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Magnetostratigraphic interpretations from Leg 198 sediments were restricted to upper Miocene and younger sections at all sites because cores from older sediments gave erratic magnetization directions. Despite making tens of thousands of measurements on hundreds of APC cores and using alternating field demagnetization up to 20-mT peak fields, the Oligocene to Cretaceous cores produced inclinations and declinations with poor correlation between different holes at any given site. The problem is thought to be the highly deformable nature of these sediments, which allowed disturbance and distortion of the sediments during coring, recovery, and/or splitting.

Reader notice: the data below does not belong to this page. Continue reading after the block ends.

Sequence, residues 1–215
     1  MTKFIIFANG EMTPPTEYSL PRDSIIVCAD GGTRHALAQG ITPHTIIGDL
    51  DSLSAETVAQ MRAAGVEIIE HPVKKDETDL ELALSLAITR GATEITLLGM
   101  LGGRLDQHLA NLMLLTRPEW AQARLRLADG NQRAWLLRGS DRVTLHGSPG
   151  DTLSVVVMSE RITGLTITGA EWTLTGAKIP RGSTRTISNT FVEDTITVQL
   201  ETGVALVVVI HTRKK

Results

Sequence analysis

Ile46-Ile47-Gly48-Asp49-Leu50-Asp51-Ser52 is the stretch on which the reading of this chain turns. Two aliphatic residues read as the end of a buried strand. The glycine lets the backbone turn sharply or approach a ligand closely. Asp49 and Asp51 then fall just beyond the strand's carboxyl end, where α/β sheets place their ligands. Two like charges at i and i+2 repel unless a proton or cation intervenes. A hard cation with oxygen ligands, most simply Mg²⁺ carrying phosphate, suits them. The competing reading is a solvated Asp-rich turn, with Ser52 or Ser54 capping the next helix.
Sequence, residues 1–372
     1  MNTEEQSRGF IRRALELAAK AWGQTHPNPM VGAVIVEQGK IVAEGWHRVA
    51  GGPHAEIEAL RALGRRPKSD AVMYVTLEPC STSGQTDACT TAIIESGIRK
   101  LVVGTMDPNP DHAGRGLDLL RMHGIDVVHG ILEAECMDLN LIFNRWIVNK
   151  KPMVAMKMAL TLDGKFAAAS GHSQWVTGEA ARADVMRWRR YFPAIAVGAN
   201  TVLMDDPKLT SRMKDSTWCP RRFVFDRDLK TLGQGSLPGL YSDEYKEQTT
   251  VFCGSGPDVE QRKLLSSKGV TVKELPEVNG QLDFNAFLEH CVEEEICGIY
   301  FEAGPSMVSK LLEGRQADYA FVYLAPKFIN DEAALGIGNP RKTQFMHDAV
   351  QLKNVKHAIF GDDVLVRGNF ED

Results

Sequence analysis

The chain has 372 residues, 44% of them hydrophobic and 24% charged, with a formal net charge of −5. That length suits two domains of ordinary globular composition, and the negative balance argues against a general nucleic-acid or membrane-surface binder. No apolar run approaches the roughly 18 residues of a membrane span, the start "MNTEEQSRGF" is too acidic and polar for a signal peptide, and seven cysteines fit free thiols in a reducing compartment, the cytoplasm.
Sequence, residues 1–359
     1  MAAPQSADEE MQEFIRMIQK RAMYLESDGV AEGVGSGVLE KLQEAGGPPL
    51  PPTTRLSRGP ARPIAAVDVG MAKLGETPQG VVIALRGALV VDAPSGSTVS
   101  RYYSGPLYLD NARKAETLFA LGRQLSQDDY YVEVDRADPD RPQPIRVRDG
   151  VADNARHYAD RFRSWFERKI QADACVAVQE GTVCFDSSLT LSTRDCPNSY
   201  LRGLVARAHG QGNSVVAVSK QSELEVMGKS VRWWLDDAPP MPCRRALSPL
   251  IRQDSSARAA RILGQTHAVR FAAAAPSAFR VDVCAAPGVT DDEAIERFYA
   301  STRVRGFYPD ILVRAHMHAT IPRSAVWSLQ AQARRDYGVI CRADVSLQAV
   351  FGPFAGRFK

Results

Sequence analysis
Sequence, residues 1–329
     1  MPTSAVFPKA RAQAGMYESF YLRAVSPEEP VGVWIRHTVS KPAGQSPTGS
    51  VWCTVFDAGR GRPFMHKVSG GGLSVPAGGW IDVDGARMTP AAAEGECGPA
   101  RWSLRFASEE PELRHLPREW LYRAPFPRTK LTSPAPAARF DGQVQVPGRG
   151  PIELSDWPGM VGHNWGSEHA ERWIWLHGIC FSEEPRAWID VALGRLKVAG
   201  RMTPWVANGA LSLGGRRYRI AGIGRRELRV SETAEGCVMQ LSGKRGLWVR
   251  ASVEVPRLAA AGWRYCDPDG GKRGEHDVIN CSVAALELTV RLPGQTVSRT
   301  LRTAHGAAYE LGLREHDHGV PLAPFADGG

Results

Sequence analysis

Measurements from Neogene sediments generally yielded an interpretable polarity record, typically showing polarity chrons from late Miocene to Pleistocene time (Fig. F43). Of these records, Sites 1209 to 1212 on the southern Shatsky Rise yielded a magnetostratigraphic sections of 50–100 m, going back in time to C3An (~6 Ma). The outstanding record is that from Hole 1208, on the central Shatsky Rise, where a drift deposit with high sedimentation rates was cored. This hole gave an extraordinarily expanded magnetic stratigraphy extending back to C5An in the mid-Miocene (Fig. F43).

Shipboard measurements were also made on archive-half sections from the igneous sill section drilled at the bottom of Hole 1213B. The results are unusual because two of the sills gave high positive inclinations (50°–70°) and the third yielded negative inclinations (~–30°). If it is assumed that all of the sills were formed within a relatively short geologic time span, these results imply that two of the sills are of normal polarity and the third is of reversed polarity. The steep positive values are inconsistent with the low predicted paleolatitude of Shatsky Rise during Late Jurassic and Cretaceous time.

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